Does Breaking the Diet Help You Lose Weight?
Unbelievable but true, breaking your diet can help you lose that undesirable overweight. Not only does it help you lose net weight, it also produces fat loss, starting with the fat in the abdomen, which is one of the main places where fat is stored. In addition, abdominal fat is one of the most harmful to health as it interferes with the metabolism of sugars and fats in the blood (lipids).
A group of scientists in Australia showed that intermittent energy restriction (diet) improved weight loss efficiency in overweight people. In fact, people who followed the intermittent diet had a greater loss of weight and body fat than people who followed the assigned diet for 30 weeks at a time.
How can this be possible?
To understand this, we must know that when we start a diet, the body undergoes a series of compensatory changes since the hormonal centers located in the brain and in the fatty tissues "interpret" the diet as a state of imbalance that must be corrected. One of these changes is the decrease in basal energy expenditure, which determines how many calories we burn at basal stage per day.
Intermittently dieting prevents the body from slowing down basal energy expenditure, which occurs about two weeks after starting the diet. The free period (when the diet breaks down) prevents this adaptation of the body that slows down the metabolism and allows the basal energy expenditure to increase again to its normal values.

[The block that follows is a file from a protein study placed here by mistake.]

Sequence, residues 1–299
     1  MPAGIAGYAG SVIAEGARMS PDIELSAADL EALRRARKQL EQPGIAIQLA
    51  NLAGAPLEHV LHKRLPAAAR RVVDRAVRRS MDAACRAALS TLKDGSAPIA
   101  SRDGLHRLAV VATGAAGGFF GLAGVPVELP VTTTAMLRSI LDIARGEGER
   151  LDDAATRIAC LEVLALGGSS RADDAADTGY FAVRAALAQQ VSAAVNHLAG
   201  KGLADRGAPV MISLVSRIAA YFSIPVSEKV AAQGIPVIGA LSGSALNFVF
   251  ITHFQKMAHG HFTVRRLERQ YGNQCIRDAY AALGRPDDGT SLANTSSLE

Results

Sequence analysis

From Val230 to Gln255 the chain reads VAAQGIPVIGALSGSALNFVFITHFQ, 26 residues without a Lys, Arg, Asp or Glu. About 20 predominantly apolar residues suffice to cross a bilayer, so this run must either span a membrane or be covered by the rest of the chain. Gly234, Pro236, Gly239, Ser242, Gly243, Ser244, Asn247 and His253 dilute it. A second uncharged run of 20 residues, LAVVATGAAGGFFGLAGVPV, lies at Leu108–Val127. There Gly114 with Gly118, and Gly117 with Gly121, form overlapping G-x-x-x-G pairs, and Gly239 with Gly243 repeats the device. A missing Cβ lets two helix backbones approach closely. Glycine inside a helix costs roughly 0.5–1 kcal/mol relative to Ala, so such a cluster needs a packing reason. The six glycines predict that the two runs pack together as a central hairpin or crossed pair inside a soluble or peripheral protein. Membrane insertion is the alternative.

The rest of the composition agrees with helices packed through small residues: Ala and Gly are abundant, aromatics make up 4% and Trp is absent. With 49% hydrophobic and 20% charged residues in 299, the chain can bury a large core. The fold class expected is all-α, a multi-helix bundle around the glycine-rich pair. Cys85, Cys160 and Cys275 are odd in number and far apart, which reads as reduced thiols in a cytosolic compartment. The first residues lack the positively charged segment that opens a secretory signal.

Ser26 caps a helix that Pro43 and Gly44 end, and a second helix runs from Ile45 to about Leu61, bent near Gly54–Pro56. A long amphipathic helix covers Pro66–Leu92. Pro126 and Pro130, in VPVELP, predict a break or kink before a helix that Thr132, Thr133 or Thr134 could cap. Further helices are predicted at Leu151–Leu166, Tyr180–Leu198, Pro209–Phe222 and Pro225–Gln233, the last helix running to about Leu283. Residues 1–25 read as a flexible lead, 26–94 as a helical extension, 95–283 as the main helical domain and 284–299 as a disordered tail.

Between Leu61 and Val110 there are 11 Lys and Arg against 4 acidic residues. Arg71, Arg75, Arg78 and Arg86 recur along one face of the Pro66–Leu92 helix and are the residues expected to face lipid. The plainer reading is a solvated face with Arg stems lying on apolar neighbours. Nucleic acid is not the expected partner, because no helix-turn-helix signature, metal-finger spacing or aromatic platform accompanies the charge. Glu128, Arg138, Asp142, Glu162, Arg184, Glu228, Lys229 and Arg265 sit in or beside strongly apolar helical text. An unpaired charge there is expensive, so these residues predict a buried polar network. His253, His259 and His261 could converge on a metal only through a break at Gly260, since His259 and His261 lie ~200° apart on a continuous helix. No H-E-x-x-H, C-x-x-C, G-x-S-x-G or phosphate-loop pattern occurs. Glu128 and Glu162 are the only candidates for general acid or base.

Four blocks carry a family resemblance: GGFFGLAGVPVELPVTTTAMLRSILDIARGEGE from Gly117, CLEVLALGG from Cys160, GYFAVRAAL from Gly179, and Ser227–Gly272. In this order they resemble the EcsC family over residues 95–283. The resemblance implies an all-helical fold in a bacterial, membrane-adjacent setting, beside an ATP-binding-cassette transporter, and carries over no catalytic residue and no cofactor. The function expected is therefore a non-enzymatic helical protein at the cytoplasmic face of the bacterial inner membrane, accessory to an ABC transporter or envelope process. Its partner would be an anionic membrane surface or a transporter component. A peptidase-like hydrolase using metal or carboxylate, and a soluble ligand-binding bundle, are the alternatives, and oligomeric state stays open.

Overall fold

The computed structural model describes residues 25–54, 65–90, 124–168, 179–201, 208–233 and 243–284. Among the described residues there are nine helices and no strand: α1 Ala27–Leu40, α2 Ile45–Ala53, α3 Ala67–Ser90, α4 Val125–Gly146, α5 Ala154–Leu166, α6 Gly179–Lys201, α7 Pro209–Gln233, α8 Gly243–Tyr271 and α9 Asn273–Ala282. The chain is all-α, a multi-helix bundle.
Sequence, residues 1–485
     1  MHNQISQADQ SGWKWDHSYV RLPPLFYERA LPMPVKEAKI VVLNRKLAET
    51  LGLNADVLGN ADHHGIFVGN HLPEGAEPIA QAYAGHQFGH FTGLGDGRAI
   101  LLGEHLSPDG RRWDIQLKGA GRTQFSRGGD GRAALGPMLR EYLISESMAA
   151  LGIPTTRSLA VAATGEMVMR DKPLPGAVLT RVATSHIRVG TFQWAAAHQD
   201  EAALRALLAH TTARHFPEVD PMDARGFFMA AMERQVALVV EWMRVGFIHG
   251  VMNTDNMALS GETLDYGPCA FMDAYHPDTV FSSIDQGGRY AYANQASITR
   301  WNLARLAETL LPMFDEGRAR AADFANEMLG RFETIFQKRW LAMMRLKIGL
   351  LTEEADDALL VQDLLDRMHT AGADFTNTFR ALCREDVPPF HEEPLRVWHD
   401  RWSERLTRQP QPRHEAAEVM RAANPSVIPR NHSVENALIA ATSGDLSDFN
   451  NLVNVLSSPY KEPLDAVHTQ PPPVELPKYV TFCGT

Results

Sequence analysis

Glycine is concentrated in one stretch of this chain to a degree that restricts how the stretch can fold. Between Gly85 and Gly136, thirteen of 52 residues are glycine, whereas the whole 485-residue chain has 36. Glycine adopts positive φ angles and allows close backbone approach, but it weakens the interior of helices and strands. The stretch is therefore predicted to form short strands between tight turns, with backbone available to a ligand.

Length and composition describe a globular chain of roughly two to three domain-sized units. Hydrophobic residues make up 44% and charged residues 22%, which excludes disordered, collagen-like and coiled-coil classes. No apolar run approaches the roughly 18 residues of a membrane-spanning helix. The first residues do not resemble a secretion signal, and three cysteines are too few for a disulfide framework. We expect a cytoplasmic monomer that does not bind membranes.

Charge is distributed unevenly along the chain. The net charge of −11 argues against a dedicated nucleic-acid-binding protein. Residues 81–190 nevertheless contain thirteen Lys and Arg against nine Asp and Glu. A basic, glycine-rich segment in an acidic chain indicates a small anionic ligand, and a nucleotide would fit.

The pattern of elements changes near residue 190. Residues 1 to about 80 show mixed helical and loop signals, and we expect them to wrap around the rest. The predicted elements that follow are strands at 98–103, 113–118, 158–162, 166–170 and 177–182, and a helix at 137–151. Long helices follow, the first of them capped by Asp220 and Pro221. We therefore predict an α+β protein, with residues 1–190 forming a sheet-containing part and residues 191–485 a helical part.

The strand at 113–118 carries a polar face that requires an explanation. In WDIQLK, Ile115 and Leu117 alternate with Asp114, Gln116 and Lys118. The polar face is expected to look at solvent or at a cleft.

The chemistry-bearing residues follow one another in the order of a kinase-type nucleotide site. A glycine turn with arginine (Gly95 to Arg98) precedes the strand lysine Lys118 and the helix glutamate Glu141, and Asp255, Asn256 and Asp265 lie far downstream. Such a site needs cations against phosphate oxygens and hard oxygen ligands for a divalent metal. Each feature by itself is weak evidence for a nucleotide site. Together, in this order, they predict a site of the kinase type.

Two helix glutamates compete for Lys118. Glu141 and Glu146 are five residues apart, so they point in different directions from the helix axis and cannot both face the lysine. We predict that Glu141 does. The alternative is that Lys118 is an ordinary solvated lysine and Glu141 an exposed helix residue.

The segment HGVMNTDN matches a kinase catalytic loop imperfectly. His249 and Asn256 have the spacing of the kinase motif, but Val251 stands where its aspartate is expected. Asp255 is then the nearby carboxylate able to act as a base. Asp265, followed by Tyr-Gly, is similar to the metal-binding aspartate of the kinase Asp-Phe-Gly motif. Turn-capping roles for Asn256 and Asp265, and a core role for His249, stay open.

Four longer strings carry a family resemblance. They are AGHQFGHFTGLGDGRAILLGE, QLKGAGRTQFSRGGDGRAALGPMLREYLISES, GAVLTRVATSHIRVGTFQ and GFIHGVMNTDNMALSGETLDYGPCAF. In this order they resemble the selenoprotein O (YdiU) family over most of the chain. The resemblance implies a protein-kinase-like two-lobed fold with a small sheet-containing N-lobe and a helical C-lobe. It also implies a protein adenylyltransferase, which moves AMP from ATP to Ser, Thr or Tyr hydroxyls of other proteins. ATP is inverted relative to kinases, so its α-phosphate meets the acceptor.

In other words, when dieting intermittently, the body does not "get used to" the low calorie state of being adapted to the lower calorie intake produced by the diet.
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These researchers followed a group of patients for 30 weeks, some on a continuous diet and others on a 15-day diet alternating with 15 days of free intake, and found that the group that followed the diet intermittently lost an average of 8.1 kilograms more than the group that followed the diet without interruption during the same time.
This successful intermittent diet approach is currently recommended by major health organizations around the world such as the National Council for Health and Research in Australia.
In conclusion, to lose weight efficiently, periods of caloric restriction or diet should be alternated with periods of rest from the diet. Ideally, this method should be performed under the supervision of a nutritionist.